‘Blizzard of Souls’ Review: A Soldier’s Tale From the Front


This World War I story opens on a striking tableau, one that illustrates its title. A traveling shot takes in a battlefield where a coating of snow almost, but not quite, camouflages the corpses of dozens of dead soldiers.

That is about as harrowing as this movie, directed by Dzintars Dreibergs from a 1934 novel by Aleksandrs Grins, gets. As so many war pictures do, “Blizzard of Souls” tells the story of a young man, Arturs Vanag (the fresh-faced Oto Brantevics). At the movie’s outset, he’s a sweet teen on a farm. Then one afternoon, some German soldiers happen by and kill his mother and the family dog. So he signs on with the Latvian battalion of the Imperial Russian Army, along with his father and brother.

For a time, war is heck. The recruits train in the mud with wooden models of rifles, but during their down time, they frolic in surprisingly clean tunics. One infers the food at camp isn’t bad either. In actual battle, down in the trenches, a mortar explosion temporarily deafens the soldiers, one of whom reacts with a “wow, that was weird” grin. On the offensive, Arturs comes toe-to-toe with a German soldier and, after a moment of hesitation, bayonets him. It’s his duty, after all. Plus, they killed his mom and his dog.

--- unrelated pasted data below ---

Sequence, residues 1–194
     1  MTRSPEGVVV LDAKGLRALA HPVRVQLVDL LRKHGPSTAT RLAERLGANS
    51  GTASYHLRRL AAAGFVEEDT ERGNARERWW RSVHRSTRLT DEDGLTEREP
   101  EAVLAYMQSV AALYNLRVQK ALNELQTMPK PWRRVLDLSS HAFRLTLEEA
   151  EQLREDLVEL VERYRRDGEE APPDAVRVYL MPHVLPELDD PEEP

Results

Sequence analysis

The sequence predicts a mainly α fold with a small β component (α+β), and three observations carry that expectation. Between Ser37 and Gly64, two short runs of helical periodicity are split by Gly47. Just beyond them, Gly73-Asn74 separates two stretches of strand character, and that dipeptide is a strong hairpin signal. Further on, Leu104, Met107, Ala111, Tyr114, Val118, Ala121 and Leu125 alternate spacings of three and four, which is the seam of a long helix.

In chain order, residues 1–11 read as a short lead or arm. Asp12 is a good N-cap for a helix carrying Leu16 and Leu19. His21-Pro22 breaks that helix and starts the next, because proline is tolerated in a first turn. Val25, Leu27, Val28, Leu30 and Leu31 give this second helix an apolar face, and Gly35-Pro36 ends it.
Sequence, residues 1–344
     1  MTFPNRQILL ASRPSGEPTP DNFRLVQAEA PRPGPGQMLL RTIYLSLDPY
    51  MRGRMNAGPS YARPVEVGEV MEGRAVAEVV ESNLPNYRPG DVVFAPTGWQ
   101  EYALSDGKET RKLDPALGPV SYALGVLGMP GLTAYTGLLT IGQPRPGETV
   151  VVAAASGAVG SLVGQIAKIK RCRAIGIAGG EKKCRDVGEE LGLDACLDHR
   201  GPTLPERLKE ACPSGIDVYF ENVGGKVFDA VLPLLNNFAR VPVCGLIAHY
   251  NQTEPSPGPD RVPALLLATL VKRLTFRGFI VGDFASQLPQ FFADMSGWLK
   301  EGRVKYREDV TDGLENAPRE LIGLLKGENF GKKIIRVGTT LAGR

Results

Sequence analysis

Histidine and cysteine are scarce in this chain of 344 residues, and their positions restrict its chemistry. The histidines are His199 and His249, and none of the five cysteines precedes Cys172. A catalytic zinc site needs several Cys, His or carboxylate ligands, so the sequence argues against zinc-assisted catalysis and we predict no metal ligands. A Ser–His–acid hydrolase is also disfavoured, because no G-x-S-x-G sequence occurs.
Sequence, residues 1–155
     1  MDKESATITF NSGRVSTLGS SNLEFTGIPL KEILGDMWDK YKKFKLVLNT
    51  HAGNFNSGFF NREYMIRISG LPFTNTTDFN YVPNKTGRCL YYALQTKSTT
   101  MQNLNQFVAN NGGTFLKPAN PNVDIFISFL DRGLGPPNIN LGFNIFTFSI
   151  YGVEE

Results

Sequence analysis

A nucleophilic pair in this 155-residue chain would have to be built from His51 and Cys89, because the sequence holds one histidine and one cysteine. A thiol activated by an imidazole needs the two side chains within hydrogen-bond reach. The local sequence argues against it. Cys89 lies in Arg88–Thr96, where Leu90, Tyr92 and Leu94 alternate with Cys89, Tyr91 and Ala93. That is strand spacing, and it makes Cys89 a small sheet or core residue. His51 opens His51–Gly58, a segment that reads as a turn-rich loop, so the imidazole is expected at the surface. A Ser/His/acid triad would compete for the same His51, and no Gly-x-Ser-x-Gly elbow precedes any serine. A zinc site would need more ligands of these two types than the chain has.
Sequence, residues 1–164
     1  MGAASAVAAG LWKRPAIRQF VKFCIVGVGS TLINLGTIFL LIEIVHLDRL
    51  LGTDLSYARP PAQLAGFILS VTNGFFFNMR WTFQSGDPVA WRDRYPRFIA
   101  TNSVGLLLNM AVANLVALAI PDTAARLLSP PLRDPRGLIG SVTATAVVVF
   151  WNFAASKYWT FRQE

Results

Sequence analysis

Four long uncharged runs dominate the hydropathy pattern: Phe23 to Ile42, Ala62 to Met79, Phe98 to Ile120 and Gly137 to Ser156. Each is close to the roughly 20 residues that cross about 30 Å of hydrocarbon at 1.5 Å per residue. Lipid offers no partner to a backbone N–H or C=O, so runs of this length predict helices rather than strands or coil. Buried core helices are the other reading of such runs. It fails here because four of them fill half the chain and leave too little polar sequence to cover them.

“Blizzard” is almost immaculately shot and edited, but its good-taste approach to warfare, along with its treacly music score by Lolita Ritmanis, underscores what seems its main reason for being: a relentless “Go, Latvia!” agenda — which has extended to its marketing here. It is the country’s official entry in the International Feature Film category of the Academy Awards.

Blizzard of Souls
Not rated. In Latvian, with subtitles. Running time: 1 hour 44 minutes. Watch through virtual cinemas.



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